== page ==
Several technology trends are converging to give patients advantages, such as improved sources of knowledge and fast, improved medical service.
"In 2016, the debate will heighten as to whether patients -- or health consumers -- will be asked to do more or less to manage their health," said Dr. Stephen S. Tang, president of the University Science Center in Philadelphia. "The more information the health consumer has, the more analytics and control he or she may want." We'll each have more opportunity to monitor our health and wellbeing through apps and products that take diagnostics and treatments out of the physician's office and into the home, Tang said.
Tang sees this as a positive: Providers and research institutions will take on the burden of inventing better solutions, rather than giving already-busy people a new set of responsibilities, he says. Those providers will consider each individual as an opportunity, not a problematic and expensive bundle of symptoms.
Analyst firm Forrester Research describes this as "the empowered patient," and in its 2016 predictions suggests several downstream effects. CIOs will face increased demands for interoperability, security, and infrastructure updates, said Forrester analyst Kate McCarthy.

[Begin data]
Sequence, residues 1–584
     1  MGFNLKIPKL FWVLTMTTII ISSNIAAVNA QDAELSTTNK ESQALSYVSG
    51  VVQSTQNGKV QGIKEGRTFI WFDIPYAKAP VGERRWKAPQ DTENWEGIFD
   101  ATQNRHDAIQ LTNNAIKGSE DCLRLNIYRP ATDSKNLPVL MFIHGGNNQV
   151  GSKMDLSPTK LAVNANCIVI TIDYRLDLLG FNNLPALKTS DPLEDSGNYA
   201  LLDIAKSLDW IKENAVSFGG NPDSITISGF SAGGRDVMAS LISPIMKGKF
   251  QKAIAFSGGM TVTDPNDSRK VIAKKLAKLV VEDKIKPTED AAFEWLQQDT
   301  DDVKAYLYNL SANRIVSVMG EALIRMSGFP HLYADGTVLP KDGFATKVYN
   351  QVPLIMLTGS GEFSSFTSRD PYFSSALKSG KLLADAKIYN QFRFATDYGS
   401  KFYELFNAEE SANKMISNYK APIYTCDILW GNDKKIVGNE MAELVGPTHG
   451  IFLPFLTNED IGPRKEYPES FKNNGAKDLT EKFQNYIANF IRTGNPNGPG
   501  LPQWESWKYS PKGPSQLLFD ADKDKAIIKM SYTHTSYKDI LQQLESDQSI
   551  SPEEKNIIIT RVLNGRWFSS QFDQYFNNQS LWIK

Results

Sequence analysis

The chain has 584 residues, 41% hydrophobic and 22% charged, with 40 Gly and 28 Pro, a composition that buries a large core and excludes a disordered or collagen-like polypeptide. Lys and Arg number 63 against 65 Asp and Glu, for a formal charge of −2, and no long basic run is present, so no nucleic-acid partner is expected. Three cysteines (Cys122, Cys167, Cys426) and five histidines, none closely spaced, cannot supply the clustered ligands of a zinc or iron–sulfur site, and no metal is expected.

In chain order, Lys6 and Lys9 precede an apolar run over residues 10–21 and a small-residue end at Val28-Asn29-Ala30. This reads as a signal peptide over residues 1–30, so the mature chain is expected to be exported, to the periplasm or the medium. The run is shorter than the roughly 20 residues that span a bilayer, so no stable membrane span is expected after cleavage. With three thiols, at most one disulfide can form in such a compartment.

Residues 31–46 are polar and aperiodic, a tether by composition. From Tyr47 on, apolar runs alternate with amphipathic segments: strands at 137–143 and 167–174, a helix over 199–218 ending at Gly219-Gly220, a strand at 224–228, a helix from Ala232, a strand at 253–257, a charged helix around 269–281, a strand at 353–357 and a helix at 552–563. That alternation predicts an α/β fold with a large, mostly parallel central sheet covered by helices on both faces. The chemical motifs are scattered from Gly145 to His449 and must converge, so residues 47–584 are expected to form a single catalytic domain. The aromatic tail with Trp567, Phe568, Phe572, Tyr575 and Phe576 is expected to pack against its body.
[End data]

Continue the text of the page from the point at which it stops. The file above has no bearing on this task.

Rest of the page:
For example, consider the growing number of consumer health devices, each of which generates data that we-as-patients expect to be incorporated in our healthcare process. Mainstream providers will struggle to meet those demands for patient-generated healthcare data (PGHD), said Patrick Everett, founder of Digital Doctor and an independent consultant in healthcare informatics. "There are many challenges to address before a patient will be able to automatically send their blood-glucose, blood pressure, and heart rate to their physician seamlessly." Among the issues to be resolved: financial disincentives, workflow disruption for providers, physician worries about liability and workload, incompatible technologies for patients and providers, a lack of technical standards, and an underdeveloped case for change. "This is a trend on the horizon worth monitoring, though solutions are a decade away," said Everett.